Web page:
You may have at least seen the ScenarioContext from the code that SpecFlow generates when a missing step definition is found: ScenarioContext.Pending();

ScenarioContext provides access to several functions, which are demonstrated using the following scenarios.

Accessing the ScenarioContext

in Bindings

To access the ScenarioContext you have to get it via context injection.


public class Binding
	private ScenarioContext _scenarioContext;

    public Binding(ScenarioContext scenarioContext)
		_scenarioContext = scenarioContext;

Now you can access the ScenarioContext in all your Bindings with the_scenarioContext` field.

in Hooks


Accessing the ScenarioContext is not possible, as no Scenario is executed when the hook is called.


Accessing the ScenarioContext is not possible, as no Scenario is executed when the hook is called.


Accessing the ScenarioContext is done like in normal bindings


Accessing the ScenarioContext is done like in normal bindings


This is the default behavior for a missing step definition, but you can also use it directly if (why?) you want to:

in the .feature:

    Scenario: Pending step
      When I set the current ScenarioContext to pending
      Then this step will not even be executed

and the step definition:

    [When("I set the current ScenarioContext to pending")]
    public void WhenIHaveAPendingStep()

    [Then("this step will not even be executed")]
    public void ThisStepWillNotBeExecuted()
        throw new Exception("See!? This wasn't even thrown");

Storing data in the ScenarioContext

ScenarioContext helps you store values in a dictionary between steps. This helps you to organize your step definitions better than using private variables in step definition classes.

There are some type-safe extension methods that help you to manage the contents of the dictionary in a safer way. To do so, you need to include the namespace TechTalk.SpecFlow.Assist, since these methods are extension methods of ScenarioContext.


ScenarioContext.ScenarioInfo allows you to access information about the scenario currently being executed, such as its title and tags:

In the .feature file:

    @showUpInScenarioInfo @andThisToo
    Scenario: Showing information of the scenario
    When I execute any scenario
	Then the ScenarioInfo contains the following information
		| Field | Value                               |
		| Tags  | showUpInScenarioInfo, andThisToo    |
		| Title | Showing information of the scenario |

and in the step definition:

        private class ScenarioInformation
            public string Title { get; set; }
            public string[] Tags { get; set; }

        [When(@"I execute any scenario")]
        public void ExecuteAnyScenario(){}

        [Then(@"the ScenarioInfo contains the following information")]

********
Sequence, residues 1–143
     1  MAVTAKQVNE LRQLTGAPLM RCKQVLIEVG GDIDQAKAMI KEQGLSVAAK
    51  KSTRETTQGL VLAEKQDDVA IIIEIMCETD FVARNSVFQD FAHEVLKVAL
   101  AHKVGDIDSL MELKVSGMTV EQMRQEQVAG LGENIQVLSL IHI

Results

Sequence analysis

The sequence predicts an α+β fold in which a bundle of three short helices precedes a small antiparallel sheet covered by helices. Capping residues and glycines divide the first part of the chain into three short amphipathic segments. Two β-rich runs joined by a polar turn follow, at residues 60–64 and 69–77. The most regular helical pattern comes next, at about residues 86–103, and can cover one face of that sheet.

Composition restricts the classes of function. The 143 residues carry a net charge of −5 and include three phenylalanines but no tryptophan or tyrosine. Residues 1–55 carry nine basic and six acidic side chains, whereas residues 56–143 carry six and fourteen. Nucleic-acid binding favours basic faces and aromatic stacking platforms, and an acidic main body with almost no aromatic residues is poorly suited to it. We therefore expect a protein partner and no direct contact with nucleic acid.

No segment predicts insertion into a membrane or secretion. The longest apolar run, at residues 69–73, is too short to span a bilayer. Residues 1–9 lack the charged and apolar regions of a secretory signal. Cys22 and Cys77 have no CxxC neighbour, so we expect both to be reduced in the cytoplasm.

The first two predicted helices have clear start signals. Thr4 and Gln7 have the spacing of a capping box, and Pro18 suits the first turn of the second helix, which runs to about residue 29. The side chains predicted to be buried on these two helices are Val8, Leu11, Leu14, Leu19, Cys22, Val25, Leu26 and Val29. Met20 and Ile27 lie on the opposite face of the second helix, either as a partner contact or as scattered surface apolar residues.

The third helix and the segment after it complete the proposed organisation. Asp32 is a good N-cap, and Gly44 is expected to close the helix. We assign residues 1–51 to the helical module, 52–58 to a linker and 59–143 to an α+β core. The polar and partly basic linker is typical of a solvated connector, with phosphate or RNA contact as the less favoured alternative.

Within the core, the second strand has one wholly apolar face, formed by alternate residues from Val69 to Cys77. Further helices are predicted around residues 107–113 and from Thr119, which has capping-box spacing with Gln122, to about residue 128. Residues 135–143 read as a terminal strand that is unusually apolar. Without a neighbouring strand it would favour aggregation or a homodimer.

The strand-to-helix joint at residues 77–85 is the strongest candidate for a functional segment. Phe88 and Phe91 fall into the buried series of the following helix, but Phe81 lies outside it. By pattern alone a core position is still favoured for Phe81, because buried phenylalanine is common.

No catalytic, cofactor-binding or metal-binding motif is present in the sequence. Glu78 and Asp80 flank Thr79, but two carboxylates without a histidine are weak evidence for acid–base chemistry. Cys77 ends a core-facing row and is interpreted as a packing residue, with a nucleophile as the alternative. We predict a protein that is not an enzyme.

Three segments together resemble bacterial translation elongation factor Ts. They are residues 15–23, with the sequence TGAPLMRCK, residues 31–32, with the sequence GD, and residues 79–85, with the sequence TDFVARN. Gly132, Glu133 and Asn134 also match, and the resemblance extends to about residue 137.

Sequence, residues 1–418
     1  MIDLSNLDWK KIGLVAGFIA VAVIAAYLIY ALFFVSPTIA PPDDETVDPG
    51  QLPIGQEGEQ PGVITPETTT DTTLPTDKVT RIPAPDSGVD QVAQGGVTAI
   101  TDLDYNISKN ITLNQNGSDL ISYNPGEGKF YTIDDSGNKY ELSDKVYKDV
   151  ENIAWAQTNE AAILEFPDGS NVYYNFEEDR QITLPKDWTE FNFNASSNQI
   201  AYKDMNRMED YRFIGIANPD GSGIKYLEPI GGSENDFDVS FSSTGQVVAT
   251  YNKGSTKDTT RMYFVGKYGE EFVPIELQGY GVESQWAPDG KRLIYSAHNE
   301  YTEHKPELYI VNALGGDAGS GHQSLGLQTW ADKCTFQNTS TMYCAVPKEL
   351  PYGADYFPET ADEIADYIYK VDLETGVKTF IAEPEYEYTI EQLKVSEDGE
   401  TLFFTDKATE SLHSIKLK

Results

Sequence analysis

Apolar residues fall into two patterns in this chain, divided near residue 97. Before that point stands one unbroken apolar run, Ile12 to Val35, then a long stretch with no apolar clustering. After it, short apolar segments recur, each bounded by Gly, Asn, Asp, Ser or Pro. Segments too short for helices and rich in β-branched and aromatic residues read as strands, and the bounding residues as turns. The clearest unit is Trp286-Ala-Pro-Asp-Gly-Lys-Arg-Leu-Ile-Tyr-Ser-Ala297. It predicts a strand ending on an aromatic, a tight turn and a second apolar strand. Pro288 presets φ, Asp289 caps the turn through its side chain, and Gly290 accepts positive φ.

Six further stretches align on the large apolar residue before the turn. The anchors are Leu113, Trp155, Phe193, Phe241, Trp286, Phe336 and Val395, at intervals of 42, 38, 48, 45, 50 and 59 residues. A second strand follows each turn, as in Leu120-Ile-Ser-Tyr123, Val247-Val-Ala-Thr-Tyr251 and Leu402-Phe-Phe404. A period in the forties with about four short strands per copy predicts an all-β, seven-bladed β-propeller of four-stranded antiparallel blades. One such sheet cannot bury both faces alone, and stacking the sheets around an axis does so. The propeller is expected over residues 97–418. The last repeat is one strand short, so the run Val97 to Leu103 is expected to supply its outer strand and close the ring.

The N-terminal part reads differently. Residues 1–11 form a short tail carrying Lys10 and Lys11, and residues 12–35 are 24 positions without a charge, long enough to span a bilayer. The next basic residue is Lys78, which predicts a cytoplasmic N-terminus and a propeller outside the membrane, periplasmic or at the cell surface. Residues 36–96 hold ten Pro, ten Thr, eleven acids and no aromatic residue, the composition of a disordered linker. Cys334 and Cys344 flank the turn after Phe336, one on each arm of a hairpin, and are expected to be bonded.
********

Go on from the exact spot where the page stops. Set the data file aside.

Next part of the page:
public void ScenarioInfoContainsInterestingInformation(Table table)
            // Create our small DTO for the info from the step
            var fromStep = table.CreateInstance<ScenarioInformation>();
            fromStep.Tags =  table.Rows[0]["Value"].Split(',');

            // Short-hand to the scenarioInfo
            var si = _scenarioContext.ScenarioInfo;

            // Assertions
            for (var i = 0; i < si.Tags.Length -1; i++)

Another use is to check if an error has occurred, which is possible with the ScenarioContext.TestError property, which simply returns the exception.

You can use this information for “error handling”. Here is an uninteresting example:

in the .feature file:

         #This is not so easy to write a scenario for but I've created an AfterScenario-hook
         Scenario: Display error information in AfterScenario
	    When an error occurs in a step

and the step definition:

        [When("an error occurs in a step")]
        public void AnErrorOccurs()
            "not correct".Should().Equal("correct");

        public void AfterScenarioHook()
            if(_scenarioContext.TestError != null)
                var error = _scenarioContext.TestError;
                Console.WriteLine("An error ocurred:" + error.Message);
                Console.WriteLine("It was of type:" + error.GetType().Name);

This is another example, that might be more useful:

       public void AfterScenario()
            if(_scenarioContext.TestError != null)

In this case, MvcContrib is used to capture a screenshot of the failing test and name the screenshot after the title of the scenario.


Use ScenarioContext.CurrentScenarioBlock to query the “type” of step (Given, When or Then). This can be used to execute additional setup/cleanup code right before or after Given, When or Then blocks.

in the .feature file:

        Scenario: Show the type of step we're currently on
	     Given I have a Given step
		  And I have another Given step
	     When I have a When step
	     Then I have a Then step

and the step definition:

        [Given("I have a (.*) step")]
        [Given("I have another (.*) step")]
        [When("I have a (.*) step")]
        [Then("I have a (.*) step")]
        public void ReportStepTypeName(string expectedStepType)
            var stepType = _scenarioContext.CurrentScenarioBlock.ToString();


Sometimes you need to access the currently executed step, e.g. to improve tracing. Use the _scenarioContext.StepContext property for this purpose.